Court Rules against Seattle Archdiocese

Associated Press, carried in KGW [Seattle WA]
March 12, 2004

An attempt to dismiss a sexual abuse lawsuit against the Roman Catholic Archdiocese of Seattle has failed, in a decision with possible statewide implications.

The Seattle Archdiocese asked a King County Superior Court judge to throw out a lawsuit challenging the constitutionality of a 1988 change in state law. That change extended the statute of limitations for victims of childhood sex abuse, allowing them up to three years after the time they realize they were abused to file a lawsuit.

On Thursday, Judge Paris Kallas ruled against the archdiocese's argument and declined to dismiss the case.

The Spokane Diocese has filed a similar argument in court cases here.

"This is a blow to the Spokane Diocese because their claims are directly controverted by existing case law in Washington," Tim Kosnoff, an attorney representing several victims in Spokane, told The Spokesman-Review newspaper. "For us, it's good news."

The issue is important because most of the known cases of child sexual abuse by clergy occurred more than a decade ago.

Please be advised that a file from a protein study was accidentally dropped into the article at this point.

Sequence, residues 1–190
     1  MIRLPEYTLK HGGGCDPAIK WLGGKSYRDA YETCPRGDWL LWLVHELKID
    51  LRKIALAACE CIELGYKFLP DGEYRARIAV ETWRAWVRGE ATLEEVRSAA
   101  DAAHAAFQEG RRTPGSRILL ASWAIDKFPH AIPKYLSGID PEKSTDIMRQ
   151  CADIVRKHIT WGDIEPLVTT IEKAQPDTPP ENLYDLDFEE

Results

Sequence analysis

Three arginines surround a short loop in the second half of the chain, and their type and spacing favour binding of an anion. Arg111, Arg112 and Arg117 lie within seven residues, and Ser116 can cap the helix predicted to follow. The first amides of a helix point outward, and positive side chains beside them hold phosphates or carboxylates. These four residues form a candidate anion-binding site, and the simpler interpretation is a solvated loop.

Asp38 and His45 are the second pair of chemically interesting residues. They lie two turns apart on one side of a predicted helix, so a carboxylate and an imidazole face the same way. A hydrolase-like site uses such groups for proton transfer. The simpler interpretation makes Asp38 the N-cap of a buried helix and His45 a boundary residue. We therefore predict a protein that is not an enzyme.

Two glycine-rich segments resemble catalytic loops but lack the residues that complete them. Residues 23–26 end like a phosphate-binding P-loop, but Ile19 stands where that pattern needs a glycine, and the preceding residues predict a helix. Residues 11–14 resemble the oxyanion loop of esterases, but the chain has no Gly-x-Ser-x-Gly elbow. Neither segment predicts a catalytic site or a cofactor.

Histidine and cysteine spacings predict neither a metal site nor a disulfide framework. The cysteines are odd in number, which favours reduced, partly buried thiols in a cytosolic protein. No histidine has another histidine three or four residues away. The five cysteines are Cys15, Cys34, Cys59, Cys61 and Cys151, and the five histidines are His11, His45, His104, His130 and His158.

Earlier this month, attorneys for the Spokane Diocese asked a Spokane County Superior Court judge to determine whether the Legislature was wrong to broaden the statute of limitations for childhood sex abuse victims. If approved, the motion could lead to the dismissal of 11 lawsuits alleging clergy sexual abuse against roughly 40 victims.

A hearing is scheduled for April 23 before Judge Maryann Moreno.

Although Moreno is not bound by the King County judge's decision, "the fact that another judge in the state has considered these arguments and rejected them has got to help us," Kosnoff said.

The case in Seattle involved a victim who refused to settle with the Archdiocese of Seattle, attorneys say. Identified only by his initials, M.W. was one of 16 men who contended he was sexually abused by the Rev. James McGreal, who retired from the clergy in 1988.

In September, the archdiocese agreed to pay $7.87 million to 15 of McGreal's victims. But M.W. wanted his case heard in court, his attorney, Michael Pfau, said in a previous interview. Pfau is also representing several victims in lawsuits against the Diocese of Spokane.

A trial in King County is scheduled for March 22.

When they filed their motion in Spokane County, lawyers for the Spokane Diocese said their move was strictly a constitutional issue. The change in 1988 allowed for retroactive legislation, they said, which violates due process by depriving defendants of vested rights. They also contend that it goes against the doctrine of separation of powers.

Mike Geraghty, attorney for the diocese, declined to comment on the Seattle ruling.


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